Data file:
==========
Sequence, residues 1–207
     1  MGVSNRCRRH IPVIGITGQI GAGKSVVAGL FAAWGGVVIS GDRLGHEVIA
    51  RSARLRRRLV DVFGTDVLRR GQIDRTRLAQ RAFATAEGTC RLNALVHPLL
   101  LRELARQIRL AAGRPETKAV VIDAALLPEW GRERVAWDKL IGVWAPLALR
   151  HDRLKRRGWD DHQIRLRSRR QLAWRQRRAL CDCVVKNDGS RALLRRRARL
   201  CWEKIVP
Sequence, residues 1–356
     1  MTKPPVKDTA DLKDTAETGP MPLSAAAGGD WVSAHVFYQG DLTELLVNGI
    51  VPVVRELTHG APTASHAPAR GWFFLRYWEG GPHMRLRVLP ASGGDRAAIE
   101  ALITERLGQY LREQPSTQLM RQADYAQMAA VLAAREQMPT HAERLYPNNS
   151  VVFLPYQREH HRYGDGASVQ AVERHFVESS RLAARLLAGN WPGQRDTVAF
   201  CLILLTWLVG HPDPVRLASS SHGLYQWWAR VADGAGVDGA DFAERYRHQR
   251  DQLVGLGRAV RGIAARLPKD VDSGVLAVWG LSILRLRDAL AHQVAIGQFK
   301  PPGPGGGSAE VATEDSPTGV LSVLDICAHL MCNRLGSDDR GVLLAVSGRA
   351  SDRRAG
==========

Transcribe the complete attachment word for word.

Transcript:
Sequence, residues 1–207
     1  MGVSNRCRRH IPVIGITGQI GAGKSVVAGL FAAWGGVVIS GDRLGHEVIA
    51  RSARLRRRLV DVFGTDVLRR GQIDRTRLAQ RAFATAEGTC RLNALVHPLL
   101  LRELARQIRL AAGRPETKAV VIDAALLPEW GRERVAWDKL IGVWAPLALR
   151  HDRLKRRGWD DHQIRLRSRR QLAWRQRRAL CDCVVKNDGS RALLRRRARL
   201  CWEKIVP
Sequence, residues 1–356
     1  MTKPPVKDTA DLKDTAETGP MPLSAAAGGD WVSAHVFYQG DLTELLVNGI
    51  VPVVRELTHG APTASHAPAR GWFFLRYWEG GPHMRLRVLP ASGGDRAAIE
   101  ALITERLGQY LREQPSTQLM RQADYAQMAA VLAAREQMPT HAERLYPNNS
   151  VVFLPYQREH HRYGDGASVQ AVERHFVESS RLAARLLAGN WPGQRDTVAF
   201  CLILLTWLVG HPDPVRLASS SHGLYQWWAR VADGAGVDGA DFAERYRHQR
   251  DQLVGLGRAV RGIAARLPKD VDSGVLAVWG LSILRLRDAL AHQVAIGQFK
   301  PPGPGGGSAE VATEDSPTGV LSVLDICAHL MCNRLGSDDR GVLLAVSGRA
   351  SDRRAG